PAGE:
New Castle News

June 21, 2012

Tim Kolodziej: Young athletes, can you do just a little more?

Tim Kolodziej
New Castle News

NEW CASTLE — “If you think you are working hard, you can work harder. If you think you are doing enough, there is more that you can do. No one really ever exhausts his full potential.” — Former Princeton basketball coach Pete Carril



So, young athletes, how hard are you working on your sports now that school is out?

Here are a few stars you might have heard of. May their examples inspire you today.

Magic Johnson — Dick Vitale (than coach at University of Detroit) thought he would surprise and impress Magic Johnson by showing up at 6:30 a.m. at his Michigan home one winter. The temperature was below freezing and the wind was whipping. More than a few inches of snow covered the ground. Vitale knocked on the door. Magic’s mom answered and told him that her son had already left. “He goes to the outdoor court every morning and shoots before the bus comes.”

Chris Paul — Started his off-season workouts at 4:21 a.m. when he was with the Hornets.

Larry Bird — "I used to shoot a lot of free throws,” said the former Celtics great. “I wouldn't leave until I made a hundred in a row."

Derrick Rose — The Bulls’ superstar shoots 700 jumpers a day in the off-season.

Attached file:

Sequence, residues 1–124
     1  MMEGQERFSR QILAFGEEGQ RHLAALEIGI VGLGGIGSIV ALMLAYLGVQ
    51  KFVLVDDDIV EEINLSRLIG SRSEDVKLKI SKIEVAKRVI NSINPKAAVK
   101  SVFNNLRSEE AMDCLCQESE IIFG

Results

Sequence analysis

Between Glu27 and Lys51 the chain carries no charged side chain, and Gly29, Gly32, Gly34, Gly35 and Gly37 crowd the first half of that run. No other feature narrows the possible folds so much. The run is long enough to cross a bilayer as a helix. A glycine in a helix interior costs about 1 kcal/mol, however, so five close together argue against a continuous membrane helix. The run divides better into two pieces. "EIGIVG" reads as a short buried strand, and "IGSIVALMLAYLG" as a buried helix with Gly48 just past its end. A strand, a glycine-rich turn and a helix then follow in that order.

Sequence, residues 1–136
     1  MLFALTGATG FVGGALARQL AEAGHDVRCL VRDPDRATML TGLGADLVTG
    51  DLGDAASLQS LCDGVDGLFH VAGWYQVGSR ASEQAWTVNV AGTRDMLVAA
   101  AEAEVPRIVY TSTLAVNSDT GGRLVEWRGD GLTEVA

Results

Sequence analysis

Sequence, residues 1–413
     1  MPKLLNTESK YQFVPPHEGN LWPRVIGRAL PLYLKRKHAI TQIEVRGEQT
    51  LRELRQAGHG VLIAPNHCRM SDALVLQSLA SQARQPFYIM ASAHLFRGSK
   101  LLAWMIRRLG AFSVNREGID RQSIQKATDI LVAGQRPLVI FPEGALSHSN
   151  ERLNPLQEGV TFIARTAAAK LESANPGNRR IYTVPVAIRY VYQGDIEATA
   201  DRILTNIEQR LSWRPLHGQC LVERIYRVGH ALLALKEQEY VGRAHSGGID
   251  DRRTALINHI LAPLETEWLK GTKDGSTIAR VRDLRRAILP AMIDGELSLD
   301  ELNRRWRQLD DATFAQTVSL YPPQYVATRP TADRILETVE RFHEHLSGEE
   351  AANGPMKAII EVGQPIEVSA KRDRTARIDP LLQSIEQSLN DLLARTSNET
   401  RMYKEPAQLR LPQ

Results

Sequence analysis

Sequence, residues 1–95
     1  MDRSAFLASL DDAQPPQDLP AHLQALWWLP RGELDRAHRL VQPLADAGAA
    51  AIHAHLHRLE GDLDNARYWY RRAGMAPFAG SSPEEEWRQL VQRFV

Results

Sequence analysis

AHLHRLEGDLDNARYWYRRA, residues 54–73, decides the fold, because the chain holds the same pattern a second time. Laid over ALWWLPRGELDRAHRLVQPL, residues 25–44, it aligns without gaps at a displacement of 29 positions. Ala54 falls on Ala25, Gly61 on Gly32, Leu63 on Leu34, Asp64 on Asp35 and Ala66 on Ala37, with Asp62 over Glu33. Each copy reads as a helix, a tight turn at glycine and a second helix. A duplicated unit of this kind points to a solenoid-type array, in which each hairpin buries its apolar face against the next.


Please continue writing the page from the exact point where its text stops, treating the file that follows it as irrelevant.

Kobe Bryant — Shaquille O’Neal remembers how hard Kobe Bryant worked at practice. “He was the first one there, last one to leave ... every drill at game speed, even drills on his own. He always carried a compact DVD player and watched video while walking down the hall or while getting taped.”

LeBron James — He has his own personal shooting coach and paid his way to Beijing, China, during the 2008 Olympics so he could work on his shooting for an hour in the afternoon after Team USA practiced. He spent last summer with Hakeem Olajuwon working on his low-post game. Think it’s paying off in the NBA Finals?

Michael Jordan — Even when he was playing minor league baseball, he was the first one to the ballpark and the last one to leave. His hitting instructor at the end of the day would say we’re done. Then Michael would respond: “Can we do a little more?”

How about you? Can you do just a little more?

You’ll be in some great company.



(Adapted from a speech given by coach Bob Starkey during a summer basketball camp.)